Human Rhinovirus Species and Season of Infection Determine Illness Severity.

Pediatrics, University of Wisconsin, School of Medicine and Public Health, Madison, Wisconsin, United States.
American Journal of Respiratory and Critical Care Medicine (Impact Factor: 11.04). 08/2012; DOI: 10.1164/rccm.201202-0330OC
Source: PubMed

ABSTRACT RATIONALE: Human rhinoviruses (HRVs) consist of approximately 160 types that cause a wide range of clinical outcomes including asymptomatic infections, common colds, and severe lower respiratory illnesses. OBJECTIVE: To identify factors which influence the severity of HRV illnesses. METHODS: HRV species and types were determined in 1445 nasal lavages that were prospectively collected from 209 infants participating in a birth cohort who had at least one HRV infection. Questionnaires were used during each illness to identify moderate-to-severe illnesses (MSI). Measurements & MAIN RESULTS: Altogether, 670 HRV infections were identified and 519 of them were solitary infections (only one HRV type). These 519 viruses belonged to 93 different types of 3 species: 49 A, 9 B and 35 C. HRV-A (OR 8.2 [2.7, 25]) and HRV-C (OR 7.6 [2.6, 23]) were more likely to cause MSI compared to HRV-B. In addition, HRV infections were 5-10-fold more likely to cause MSI in the winter months (p<0.0001) compared to summer, in contrast to peak seasonal prevalence in spring and fall. When significant differences in host susceptibility to MSI (p=0.004) were considered, strain-specific rates of HRV MSI ranged from <1% to over 20%. CONCLUSIONS: Factors related to HRV species and type, season, and host susceptibility determine the risk of more severe HRV illness in infancy. These findings suggest that anti-HRV strategies should focus on HRV-A and -C species, and identify the need for additional studies to determine mechanisms for seasonal increases of HRV severity, independent of viral prevalence, in cold weather months.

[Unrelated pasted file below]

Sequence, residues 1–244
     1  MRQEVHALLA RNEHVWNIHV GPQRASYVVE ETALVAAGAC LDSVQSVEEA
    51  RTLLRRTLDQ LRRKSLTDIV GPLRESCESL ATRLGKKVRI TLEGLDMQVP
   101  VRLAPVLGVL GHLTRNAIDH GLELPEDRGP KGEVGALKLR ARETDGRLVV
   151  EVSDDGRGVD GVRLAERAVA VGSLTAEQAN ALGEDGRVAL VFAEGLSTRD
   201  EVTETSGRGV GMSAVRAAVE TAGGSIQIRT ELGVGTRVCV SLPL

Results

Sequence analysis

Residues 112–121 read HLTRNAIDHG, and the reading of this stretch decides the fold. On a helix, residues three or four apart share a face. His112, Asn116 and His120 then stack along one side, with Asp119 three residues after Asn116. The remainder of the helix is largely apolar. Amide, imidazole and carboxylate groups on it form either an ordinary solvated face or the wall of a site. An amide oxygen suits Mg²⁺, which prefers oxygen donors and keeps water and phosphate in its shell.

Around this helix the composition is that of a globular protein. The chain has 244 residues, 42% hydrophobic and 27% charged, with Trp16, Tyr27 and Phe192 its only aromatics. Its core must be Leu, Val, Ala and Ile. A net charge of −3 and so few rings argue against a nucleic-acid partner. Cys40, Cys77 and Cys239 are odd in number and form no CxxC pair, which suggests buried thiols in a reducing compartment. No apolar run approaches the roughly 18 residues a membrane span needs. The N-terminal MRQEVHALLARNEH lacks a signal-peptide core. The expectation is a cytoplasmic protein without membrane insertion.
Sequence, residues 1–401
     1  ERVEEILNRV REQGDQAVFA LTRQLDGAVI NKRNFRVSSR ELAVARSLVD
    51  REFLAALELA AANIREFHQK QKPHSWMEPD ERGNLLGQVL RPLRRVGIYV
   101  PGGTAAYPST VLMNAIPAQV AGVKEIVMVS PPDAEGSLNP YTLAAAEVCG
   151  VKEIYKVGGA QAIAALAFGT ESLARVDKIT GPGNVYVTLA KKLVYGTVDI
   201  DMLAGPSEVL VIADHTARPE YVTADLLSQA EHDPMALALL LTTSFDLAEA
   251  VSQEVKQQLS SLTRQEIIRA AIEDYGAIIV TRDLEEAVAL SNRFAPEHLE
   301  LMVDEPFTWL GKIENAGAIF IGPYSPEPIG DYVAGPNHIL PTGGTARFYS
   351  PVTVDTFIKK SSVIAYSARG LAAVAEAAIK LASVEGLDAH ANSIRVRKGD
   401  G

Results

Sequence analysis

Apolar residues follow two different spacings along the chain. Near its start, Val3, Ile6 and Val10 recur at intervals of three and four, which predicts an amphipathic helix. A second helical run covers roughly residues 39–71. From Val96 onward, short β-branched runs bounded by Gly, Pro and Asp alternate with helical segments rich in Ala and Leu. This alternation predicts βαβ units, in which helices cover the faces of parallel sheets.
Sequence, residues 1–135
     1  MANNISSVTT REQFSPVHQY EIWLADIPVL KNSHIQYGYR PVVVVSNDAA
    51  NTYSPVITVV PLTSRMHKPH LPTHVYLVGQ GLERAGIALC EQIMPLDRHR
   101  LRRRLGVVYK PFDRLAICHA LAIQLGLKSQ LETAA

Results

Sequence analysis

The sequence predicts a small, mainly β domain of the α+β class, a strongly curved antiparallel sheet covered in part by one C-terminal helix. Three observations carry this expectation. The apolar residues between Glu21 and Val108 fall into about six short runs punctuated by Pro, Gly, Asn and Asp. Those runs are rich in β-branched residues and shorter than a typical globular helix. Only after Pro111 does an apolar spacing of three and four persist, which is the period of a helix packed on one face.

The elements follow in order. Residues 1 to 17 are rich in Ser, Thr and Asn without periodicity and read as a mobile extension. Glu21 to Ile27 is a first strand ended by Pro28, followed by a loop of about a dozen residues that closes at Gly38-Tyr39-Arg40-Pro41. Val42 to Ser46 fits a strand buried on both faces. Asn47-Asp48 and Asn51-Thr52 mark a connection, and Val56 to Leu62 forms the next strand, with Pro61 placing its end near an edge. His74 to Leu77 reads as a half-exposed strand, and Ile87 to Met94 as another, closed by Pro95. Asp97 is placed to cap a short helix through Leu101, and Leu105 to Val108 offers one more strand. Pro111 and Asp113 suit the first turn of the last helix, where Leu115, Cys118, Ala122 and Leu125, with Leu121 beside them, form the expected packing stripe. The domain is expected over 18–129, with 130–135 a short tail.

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    ABSTRACT: Infections with human rhinovirus (HRV) are commonly associated with acute upper and lower respiratory tract disease and asthma exacerbations. The role that HRVs play in these diseases suggests it is important to understand host-specific or virus-specific factors that contribute to pathogenesis. Since species A HRVs are often associated with more serious HRV disease than species B HRVs, differences in immune responses they induce should inform disease pathogenesis. To identify species differences in induced responses, we evaluated 3 species A viruses, HRV 25, 31 and 36 and 3 species B viruses, HRV 4, 35 and 48 by exposing human PBMCs to HRV infected Calu-3 cells. To evaluate the potential effect of memory induced by previous HRV infection on study responses, we tested cord blood mononuclear cells that should be HRV naïve. There were HRV-associated increases (significant increase compared to mock-infected cells) for one or more HRVs for IP-10 and IL-15 that was unaffected by addition of PBMCs, for MIP-1α, MIP-1β, IFN-α, and HGF only with addition of PBMCs, and for ENA-78 only without addition of PBMCs. All three species B HRVs induced higher levels, compared to A HRVs, of MIP-1α and MIP-1β with PBMCs and ENA-78 without PBMCs. In contrast, addition of CBMCs had less effect and did not induce MIP-1α, MIP-1β, or IFN-α nor block ENA-78 production. Addition of CBMCs did, however, increase IP-10 levels for HRV 35 and HRV 36 infection. The presence of an effect with PBMCs and no effect with CBMCs for some responses suggest differences between the two types of cells possibly because of the presence of HRV memory responses in PBMCs and not CBMCs or limited response capacity for the immature CBMCs relative to PBMCs. Thus, our results indicate that different HRV strains can induce different patterns of cytokines and chemokines; some of these differences may be due to differences in memory responses induced by past HRV infections, and other differences related to virus factors that can inform disease pathogenesis.
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May 29, 2014